An orthogonal conductor electrically vanishes only when it is in the antenna plane of symmetry. An offset mast and clamp may couple to a nearby element. Locate the mast midway between elements whenever possible to minimize coupling. This will position a log-Yagi mast next to a phasing line crossover, which will help cancel any line interaction. A centered mast attached below the boom may benefit designs with very low backlobes.
For long-boom designs, locate the mast near the point where torque is zero in steady wind. This is roughly the center of the boom. If this unbalances the antenna, add weight inside the light end of the boom to rebalance it.
Vertically polarized and circularly polarized antennas work best rear-mounted. When that's impractical, use a nonconductive mast section in the vicinity of the antenna to avoid degrading performance.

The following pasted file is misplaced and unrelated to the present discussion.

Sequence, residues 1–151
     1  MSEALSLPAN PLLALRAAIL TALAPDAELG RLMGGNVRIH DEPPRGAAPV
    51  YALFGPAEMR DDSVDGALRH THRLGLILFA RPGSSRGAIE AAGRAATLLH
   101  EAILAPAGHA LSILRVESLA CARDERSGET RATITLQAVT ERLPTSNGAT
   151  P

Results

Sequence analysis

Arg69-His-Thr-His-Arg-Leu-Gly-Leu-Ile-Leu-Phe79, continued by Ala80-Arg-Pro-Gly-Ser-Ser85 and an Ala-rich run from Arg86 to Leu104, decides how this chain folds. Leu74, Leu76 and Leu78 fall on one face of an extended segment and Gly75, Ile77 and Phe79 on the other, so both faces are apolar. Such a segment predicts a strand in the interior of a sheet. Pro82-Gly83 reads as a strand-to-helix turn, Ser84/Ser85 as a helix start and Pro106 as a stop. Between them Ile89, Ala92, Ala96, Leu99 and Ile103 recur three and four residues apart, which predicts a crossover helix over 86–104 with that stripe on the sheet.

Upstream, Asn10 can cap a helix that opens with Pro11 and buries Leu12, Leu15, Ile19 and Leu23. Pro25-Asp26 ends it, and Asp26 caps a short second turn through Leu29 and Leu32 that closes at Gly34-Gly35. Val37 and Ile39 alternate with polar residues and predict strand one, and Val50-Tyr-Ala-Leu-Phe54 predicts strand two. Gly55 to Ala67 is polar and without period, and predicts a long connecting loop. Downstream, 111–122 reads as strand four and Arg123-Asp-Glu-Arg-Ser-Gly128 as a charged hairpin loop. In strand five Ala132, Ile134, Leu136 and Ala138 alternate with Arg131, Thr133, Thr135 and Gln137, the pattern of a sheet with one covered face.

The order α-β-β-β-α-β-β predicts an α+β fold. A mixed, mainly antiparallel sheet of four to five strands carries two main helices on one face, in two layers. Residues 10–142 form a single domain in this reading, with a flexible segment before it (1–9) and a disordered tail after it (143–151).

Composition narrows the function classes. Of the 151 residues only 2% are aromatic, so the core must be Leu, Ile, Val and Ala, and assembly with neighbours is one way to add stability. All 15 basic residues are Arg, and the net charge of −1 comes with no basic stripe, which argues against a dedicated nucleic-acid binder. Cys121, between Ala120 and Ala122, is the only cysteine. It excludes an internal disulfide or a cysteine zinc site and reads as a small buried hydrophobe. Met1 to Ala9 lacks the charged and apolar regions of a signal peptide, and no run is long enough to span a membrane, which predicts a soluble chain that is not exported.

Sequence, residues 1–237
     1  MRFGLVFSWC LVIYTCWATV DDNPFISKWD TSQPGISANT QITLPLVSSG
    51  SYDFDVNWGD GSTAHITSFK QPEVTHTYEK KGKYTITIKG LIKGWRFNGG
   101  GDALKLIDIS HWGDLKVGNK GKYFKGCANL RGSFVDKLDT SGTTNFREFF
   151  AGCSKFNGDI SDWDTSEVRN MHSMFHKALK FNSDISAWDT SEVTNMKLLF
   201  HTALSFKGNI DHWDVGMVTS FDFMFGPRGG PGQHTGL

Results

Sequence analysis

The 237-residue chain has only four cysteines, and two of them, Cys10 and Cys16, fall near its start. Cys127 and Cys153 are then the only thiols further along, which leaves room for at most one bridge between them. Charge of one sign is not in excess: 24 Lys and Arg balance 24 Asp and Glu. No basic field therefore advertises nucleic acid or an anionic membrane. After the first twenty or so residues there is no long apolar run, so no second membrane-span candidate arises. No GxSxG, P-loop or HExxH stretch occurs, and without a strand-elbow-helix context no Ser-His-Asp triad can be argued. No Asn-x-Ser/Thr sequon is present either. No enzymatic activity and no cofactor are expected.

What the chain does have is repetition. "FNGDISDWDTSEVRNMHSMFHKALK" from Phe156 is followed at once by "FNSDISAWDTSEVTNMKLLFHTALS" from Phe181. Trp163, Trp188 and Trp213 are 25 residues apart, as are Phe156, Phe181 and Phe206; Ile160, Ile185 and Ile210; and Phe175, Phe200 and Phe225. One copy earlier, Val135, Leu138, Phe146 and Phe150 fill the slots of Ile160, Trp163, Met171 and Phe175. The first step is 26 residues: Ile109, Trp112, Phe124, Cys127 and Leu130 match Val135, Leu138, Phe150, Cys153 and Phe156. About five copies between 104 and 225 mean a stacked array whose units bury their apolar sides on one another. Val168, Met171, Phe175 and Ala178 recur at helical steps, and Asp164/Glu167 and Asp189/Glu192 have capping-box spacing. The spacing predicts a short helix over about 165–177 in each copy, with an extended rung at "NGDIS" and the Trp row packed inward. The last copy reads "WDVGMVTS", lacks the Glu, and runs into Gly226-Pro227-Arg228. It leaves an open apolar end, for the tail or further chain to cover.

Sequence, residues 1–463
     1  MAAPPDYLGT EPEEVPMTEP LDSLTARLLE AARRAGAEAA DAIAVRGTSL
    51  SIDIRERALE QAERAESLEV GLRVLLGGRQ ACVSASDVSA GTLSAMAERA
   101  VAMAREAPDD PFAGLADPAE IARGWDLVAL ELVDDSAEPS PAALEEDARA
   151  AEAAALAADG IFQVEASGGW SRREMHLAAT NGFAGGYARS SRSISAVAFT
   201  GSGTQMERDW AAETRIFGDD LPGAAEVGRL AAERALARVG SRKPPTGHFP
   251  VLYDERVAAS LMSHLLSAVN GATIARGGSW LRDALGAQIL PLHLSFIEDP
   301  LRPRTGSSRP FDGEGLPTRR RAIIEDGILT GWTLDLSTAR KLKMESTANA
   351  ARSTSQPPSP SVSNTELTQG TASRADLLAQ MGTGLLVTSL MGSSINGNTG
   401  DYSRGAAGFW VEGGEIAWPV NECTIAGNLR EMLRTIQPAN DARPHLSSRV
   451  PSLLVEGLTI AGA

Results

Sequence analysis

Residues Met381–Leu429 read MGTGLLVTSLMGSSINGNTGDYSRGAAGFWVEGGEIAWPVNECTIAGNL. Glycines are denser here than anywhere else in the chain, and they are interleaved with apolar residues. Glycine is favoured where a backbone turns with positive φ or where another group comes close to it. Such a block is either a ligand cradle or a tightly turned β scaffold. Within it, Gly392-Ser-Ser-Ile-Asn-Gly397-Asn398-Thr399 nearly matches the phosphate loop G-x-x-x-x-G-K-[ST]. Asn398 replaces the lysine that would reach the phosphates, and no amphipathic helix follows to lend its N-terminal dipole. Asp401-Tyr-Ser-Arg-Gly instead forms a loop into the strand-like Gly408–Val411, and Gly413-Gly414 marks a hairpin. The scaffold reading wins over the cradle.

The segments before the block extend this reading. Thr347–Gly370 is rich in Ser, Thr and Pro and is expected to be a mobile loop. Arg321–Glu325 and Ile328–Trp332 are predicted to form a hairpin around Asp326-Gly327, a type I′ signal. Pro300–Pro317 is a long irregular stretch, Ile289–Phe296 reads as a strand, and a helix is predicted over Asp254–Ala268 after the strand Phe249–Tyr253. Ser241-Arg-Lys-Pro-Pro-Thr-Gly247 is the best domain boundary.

When the antenna and feedline impedances differ, signal power reflects at the feedpoint, reradiates into space, and is lost. Mismatch also may result in a nonoptimal source impedance that degrades the receiver noise figure.
Conductor loss due to material resistivity normally is insignificant. But it may rise at a band edge where antenna currents increase for many designs.
Forward gain includes mismatch and conductor losses. Modeling results list SWR, mismatch loss, and conductor loss so you can spot unusual values. Listed results include no other losses.
Loss for 300Ω ferrite baluns is about 0.5 dB for small cylindrical baluns with twinlead terminated in spade lugs and intended for indoor use. It is about 0.75 dB for larger outdoor baluns with unterminated copper leads and for indoor push-on baluns with screw terminals. Loss for a 300Ω RG-6 halfwave coaxial balun is < 0.15 dB and for an L-network balun, < 0.2 dB. Loss for a 75Ω RG-6 coiled-coax choke is 0.05 dB.
I have seen up to 0.5 dB loss for a ferrite power combiner, but typically it is 0.3–0.35 dB. Loss for a junction splitter followed by 22″ of 54Ω Belden 8219 RG-58A/U to transform 37.5Ω to 75Ω is about 0.1 dB.
Plastic end caps may cause dielectric loss due to the high electric field at element tips. This is a better idea.
Loss for RG-6 feedline is about 2 dB/100′. Check the manufacturer's data for your cable for a more exact figure.